Friday, February 8, 2013

Australia Day Tea Gathering

On Australia Day this year I had a dip at a bitiv' chanoyu with stacks of Oz in it.

I'm from Toongabbie. A little town in Gippsland, Victoria with more sheep than people 1000 times over. The cricket team is even called the 'Rams'. 

In Toongabbie:
  • No band except for AC/DC and the Angels existed until I was 12 years old.
  • Summer = cricket and beer.
  • Winter = footy and beer.
  • People shoot animals and eat them. 
  • It is respected when blokes wanna quit high school 'n gedda trade.
  • Flies are called 'dunny budgies' and they rattle windows when they hit them.
  • Men are called 'blokes' and women are called 'sheilas'.
  • As Victoria Bitter cans are green you ask for a 'green one' at the bar.
  • As Melbourne Bitter cans are red you ask for a 'red one' at the bar.
  • To offer a VB to your mate you say 'Get a green one up ya'.
  • To offer a Melbourne to your mate you say 'Get a red one up ya'.

Toongabbie gave me my language. I am forever grateful as I am forever grateful for my hometown in Japan, Hiroshima giving me Hiroshima dialect.

My Dad and Mum still live in Toongabbie and I bloody love 'em.

Toongabbie is not as refined as the inside of a tearoom. But I love my hometown. And whenever I love something I try to combine it with chanoyu - the tea ceremony which is my lifelong fascination, my life's purpose even.

For the Australia Day Chakai (tea gathering) I had a dip at:
  • Using a VB can for a tea caddy so I could add depth of meaning to 'Get a green one up ya' (matcha green powdered tea is bright green)
  • Using eucalypt bark for the tea caddy lid
  • Using an esky for a mizusashi (fresh water container)
  • Putting gum leaves in the water to give the tea a slight eucalypt flavour 
  • Using a tea scoop crafted from a eucalypt branch
  • Boiling the tea in a billy
  • Using the top I cut off the VB can for a futaoki (lid rest), echoing the zen philosophy of wabi teaists Takeno Jōō and Rikyu
  • Chuckin' ice in the tea after I whisked it to have ice matcha in the Aussie heat
  • Composing Australia Day haiku to recite during the gathering
  • Wearing an AC/DC t-shirt in the name of our Father, Bon Scott
  • Wearing my hair out because it is 'so metal'.

Even though this whole shindig looks like a bogan pride march, my guests will be able to vouch for the fact it was conducted in the spirit of chanoyu. Even pursuing the very boundaries of the spirit of tea? Have a look at the end of this post if you would like to get a bit more out of the post than just the novelty.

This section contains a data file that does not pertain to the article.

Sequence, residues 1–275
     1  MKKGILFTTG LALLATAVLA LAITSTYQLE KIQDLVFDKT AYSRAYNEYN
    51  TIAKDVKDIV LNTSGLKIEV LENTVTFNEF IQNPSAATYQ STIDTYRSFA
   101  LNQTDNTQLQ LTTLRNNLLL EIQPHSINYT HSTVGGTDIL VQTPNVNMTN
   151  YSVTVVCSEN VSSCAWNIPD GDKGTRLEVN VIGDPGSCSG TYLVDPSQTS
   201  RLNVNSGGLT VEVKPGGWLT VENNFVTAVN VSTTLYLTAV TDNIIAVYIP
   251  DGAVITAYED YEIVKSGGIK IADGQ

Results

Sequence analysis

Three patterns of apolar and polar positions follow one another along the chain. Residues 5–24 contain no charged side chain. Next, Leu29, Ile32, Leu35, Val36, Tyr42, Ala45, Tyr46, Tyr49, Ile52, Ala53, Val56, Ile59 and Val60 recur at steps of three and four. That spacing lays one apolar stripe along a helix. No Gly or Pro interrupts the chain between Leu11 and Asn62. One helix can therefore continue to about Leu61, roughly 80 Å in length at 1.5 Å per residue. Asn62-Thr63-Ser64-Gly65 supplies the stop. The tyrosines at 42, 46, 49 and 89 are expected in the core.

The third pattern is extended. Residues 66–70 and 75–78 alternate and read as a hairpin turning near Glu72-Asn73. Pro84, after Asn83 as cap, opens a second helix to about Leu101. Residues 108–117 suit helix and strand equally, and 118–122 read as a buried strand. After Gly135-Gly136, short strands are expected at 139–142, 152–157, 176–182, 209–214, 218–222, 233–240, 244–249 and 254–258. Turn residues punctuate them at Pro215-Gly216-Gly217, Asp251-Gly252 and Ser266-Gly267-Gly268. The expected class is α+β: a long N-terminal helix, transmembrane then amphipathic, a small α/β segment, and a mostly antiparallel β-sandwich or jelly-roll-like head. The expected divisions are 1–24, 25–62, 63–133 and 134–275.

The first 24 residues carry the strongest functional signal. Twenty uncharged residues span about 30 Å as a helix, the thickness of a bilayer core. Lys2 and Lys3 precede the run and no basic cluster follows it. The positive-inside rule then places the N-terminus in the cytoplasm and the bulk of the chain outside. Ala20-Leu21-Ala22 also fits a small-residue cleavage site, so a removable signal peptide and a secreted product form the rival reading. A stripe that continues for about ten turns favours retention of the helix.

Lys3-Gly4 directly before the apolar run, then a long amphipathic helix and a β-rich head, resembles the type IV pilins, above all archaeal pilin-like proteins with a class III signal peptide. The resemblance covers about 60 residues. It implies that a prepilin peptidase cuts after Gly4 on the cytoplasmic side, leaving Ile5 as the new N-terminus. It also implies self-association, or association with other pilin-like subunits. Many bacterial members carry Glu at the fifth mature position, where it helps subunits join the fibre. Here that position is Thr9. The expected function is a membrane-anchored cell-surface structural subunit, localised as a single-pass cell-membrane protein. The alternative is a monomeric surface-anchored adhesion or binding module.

Our Father, Bon, who art in Hell
Iced Matcha. Get a green one up ya.

Australia Day haiku
A haiku is a poem that consists of three phrases of 5, 7 and 5 syllables.

To be. Get a green one up ya.

Jyōshū was a Zen master from China. There are numerous famous dialogues that involve him of which the following is but one:

One day a monk called upon Jyōshū. 
Jyōshū asked this monk: “Have you been here before?”
“Yes” the monk answered.
“I see. Well, get a green one up ya (kissako[1]).”

Another time, a different monk called upon Jyōshū to whom Jyōshū asked the same question: “Have you been here before?”
This time the monk answered “No”.
Jyōshū's reply remained the same:  “I see. Well, get a green one up ya (kissako).”

Having seen all this, the abbot then called upon Jyōshū and asked: “Irrespective of their answer yes or no, you respond to all the monks with ‘Well, get a green one up ya’. Why?”
Jyōshū did not answer this directly but instead said: “Oi, abbot!”
Without hesitation, the abbot simply replied with a “Yes?” to which Jyōshū again replied “Well, get a green one up ya (kissako).”

From old times it has been said that in this “Well, get a green one up ya (kissako)” one can find the essence of both Zen and the Way of Tea.  Jyōshū’s question “Have you been here before?” is directed at the very question of “why are we here?”  If one is conscious of this, all dualistic thinking dissolves. We do not each exist as a separate individual in contrast to others. Upon hearing an “Oi!”, one instantly responds ”Yes?”. In this instant there exists something which is prior to any thought of why we are here. “Well, get a green one up ya (kissako)” is a reply to this very something. It is an utterance that takes delight in being here with others. The fact that we can share a green one and be happy, even for a moment.

The essence of the Way of Tea lies in the utterance “Well, get a green one up ya (kissako)”. It is an utterance that delights in existence – existence that is, after all, without reason.

[1] Literally: “Drink tea and leave”. 

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